Morning Commentary: US Elections: The Vice Presidential Debate

Foreign Exchange - Morning Commentary
US Elections: The Vice Presidential Debate
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Andrew Kositkun
Andrew Kositkun
Foreign Exchange Head Trader
This past week delivered two major events surrounding the U.S. election. The first was the expected presidential debate, but the second was the unexpected announcement of President Trump’s positive COVID-19 test.

Both events have resulted in a rise in market odds for former Vice President Biden becoming president and a democratic sweep of Congress. Trump’s positive COVID-19 test also prompted the markets to introduce a new tail-risk scenario with Vice President Pence’s odds of winning the presidential election rising above near zero. This increase represents the fact that Pence is the legal successor to Trump and would be the likely replacement should the Republican presidential nominee position become vacant.

Nevertheless, despite increased odds, the chances of a Pence presidency remain very low. The real takeaway from last week’s events is that they underscore the heightened uncertainty around the U.S. election process. Trump reiterating his skepticism over the integrity of mail-in votes during the presidential debate is especially poignant ahead of an election that will feature a record and possibly decisive number of mail-in ballots.   Trump’s positive COVID-19 test also adds uncertainty for obvious reasons.

The confluence of these events gave an example of how markets would react in response to a sharp rise in election uncertainty. In past commentaries, we suggested that a contested election would lead to two reactions. The first would be U.S. dollar buying as market risk off triggers de-risking and reserve currency buying. The second would be a negative U.S. dollar effect representing idiosyncratic risk stemming from fears of a U.S.-centric institutional failure. In hindsight, the market’s initial reaction was in line with what was expected. Equities sold off with high beta currencies weaker but reserve currencies, such as the Japanese yen and Swiss franc, stronger. The exception to this is the Chinese yuan, which also strengthened. This likely reflects the yuan’s unique sensitivity to the election outcome due to the candidate’s differing trade policies. Overall, this reaction made sense as it reflected both the initial concern over Trump’s incapacitation and the potential medium-term implication of how recent developments could influence the election outcome.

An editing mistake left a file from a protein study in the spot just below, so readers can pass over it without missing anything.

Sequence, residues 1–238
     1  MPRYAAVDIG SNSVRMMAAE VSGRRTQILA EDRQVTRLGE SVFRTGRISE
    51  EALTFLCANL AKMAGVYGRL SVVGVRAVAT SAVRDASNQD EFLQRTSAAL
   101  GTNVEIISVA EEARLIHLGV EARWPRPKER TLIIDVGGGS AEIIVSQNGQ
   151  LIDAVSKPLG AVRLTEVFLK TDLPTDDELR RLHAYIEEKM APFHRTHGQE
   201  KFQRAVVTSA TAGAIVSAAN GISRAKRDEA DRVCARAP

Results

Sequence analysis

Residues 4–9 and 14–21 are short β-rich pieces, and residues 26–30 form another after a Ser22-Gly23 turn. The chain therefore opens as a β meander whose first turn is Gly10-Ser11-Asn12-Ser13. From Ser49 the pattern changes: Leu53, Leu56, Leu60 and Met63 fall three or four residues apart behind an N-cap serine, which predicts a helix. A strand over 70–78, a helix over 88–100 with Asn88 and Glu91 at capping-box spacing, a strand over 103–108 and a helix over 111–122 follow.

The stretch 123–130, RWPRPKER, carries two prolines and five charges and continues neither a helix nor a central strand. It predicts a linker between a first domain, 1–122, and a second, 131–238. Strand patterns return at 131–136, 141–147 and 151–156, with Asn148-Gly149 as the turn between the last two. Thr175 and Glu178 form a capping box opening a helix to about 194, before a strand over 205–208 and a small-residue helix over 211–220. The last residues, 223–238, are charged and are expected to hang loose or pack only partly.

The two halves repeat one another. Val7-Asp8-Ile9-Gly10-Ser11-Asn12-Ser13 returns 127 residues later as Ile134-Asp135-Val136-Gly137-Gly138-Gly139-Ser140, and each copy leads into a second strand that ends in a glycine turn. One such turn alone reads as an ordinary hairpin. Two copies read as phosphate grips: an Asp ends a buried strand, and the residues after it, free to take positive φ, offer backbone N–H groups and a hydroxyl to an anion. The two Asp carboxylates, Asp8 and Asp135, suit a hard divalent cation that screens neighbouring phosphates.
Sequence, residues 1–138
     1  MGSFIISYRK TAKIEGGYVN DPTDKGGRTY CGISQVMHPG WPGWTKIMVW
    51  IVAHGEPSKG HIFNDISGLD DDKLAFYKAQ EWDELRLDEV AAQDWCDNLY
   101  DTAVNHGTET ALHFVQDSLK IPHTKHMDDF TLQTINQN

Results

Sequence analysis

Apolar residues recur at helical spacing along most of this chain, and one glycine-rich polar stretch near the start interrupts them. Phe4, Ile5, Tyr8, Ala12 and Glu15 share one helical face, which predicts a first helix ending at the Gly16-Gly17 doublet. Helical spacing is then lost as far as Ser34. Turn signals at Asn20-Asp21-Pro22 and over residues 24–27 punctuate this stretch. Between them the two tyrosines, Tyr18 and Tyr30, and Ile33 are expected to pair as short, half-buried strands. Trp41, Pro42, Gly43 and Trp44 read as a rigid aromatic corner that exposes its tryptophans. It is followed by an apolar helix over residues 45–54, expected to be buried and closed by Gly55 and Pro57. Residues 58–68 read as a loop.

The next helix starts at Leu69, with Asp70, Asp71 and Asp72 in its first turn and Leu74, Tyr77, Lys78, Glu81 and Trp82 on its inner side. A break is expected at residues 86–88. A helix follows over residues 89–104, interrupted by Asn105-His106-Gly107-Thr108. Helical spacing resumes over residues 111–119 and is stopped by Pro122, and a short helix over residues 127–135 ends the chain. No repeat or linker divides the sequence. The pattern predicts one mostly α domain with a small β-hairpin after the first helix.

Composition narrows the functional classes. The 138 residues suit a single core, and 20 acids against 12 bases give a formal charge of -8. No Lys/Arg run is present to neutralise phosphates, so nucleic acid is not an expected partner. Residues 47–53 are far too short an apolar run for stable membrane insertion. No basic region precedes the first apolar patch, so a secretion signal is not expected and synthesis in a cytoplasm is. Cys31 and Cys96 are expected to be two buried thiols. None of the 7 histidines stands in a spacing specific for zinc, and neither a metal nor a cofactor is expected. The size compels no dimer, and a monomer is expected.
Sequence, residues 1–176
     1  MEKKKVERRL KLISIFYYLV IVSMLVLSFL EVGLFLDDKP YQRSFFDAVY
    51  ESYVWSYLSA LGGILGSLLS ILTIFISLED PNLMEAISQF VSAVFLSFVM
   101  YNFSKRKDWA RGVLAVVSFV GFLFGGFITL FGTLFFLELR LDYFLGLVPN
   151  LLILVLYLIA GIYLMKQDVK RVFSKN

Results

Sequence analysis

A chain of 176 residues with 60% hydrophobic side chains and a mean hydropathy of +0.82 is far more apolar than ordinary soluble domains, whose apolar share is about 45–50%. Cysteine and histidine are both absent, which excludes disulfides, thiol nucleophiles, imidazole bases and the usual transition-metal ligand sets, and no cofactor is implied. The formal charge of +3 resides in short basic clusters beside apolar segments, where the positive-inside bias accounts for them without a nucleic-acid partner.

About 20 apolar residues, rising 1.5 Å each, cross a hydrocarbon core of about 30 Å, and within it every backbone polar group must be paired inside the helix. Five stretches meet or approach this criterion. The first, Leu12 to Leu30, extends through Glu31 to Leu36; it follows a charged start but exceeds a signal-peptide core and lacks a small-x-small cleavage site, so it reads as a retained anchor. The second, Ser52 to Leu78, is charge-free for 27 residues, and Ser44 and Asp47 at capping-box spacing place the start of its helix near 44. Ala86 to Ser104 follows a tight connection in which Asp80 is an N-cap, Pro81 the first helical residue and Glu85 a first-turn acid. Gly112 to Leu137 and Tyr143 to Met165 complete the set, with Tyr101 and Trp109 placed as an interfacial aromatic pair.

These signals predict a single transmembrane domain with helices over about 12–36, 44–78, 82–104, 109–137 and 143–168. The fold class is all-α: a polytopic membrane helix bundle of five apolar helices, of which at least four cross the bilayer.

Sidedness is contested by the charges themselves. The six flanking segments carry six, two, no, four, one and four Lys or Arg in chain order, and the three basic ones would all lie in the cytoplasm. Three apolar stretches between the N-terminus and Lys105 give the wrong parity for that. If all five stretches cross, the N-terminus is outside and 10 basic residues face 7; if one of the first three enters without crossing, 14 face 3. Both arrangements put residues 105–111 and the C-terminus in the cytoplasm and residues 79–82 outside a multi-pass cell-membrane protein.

Specifically on the election outcome, market focus will be on tonight’s vice presidential debate, which has taken on more than normal importance. This increased importance not only comes from what should be a more substantive policy discussion than seen in the first presidential debate but also from each candidate seeking to prove his or her ability to be president. The vice president has always been said to be a heartbeat away from the presidency, but this applies now more than ever.
  • After accusing House Speaker Pelosi of negotiating in bad faith and calling off stimulus talks yesterday, President Trump has somewhat walked back those comments. These measures include $1,200 individual checks, $25 billion for airlines and $135 billion for the Paycheck Protection Program. While this latest development has eased some of the market’s concerns over stimulus talks, the reality remains that no aid before the election is the most likely outcome.  Senate Republicans viewed no aid as preferable to a big package and House Democrats viewed no aid as preferable to a skinny deal.  But by initially calling off stimulus talks, President Trump curiously set himself up to take blame for the government’s inability to pass needed aid. 
  • Big Tech remains under pressure, with the U.S. House introducing a series of proposals designed to curb the power to Big Tech. This is nothing new but could warrant keeping an eye on under a Biden presidency and especially with a Democratic sweep.
  • The U.K. announced that it plans on quitting Brexit trade talks if a deal isn’t seen by Oct. 15. The pound initially sold off sharply on this headline but has since recovered much of its losses. Over a longer window, the pound sits significantly higher than its post-referendum lows, meaning there is scope for much more of a risk premium to be priced in.
  • Economic data out of Germany and Spain disappointed the markets. German industrial production contracted 0.2% month over month versus expectations for a 1.5% increase. Spain’s industrial production number also contracted 5.7% year over year versus expectations for a contraction of 4.9%. In related news, European Central Bank President (ECB) Christine Lagarde warned against the premature withdrawal of ECB support measures.
  • China’s foreign reserves data came in at $3.143 trillion, which is down from the recent peak of $3.165 trillion seen in August. Likely, this change is due mainly to valuation effects, as the U.S. dollar has gained significantly against most major currencies since last month, depressing the USD value of non-dollar reserve holdings.
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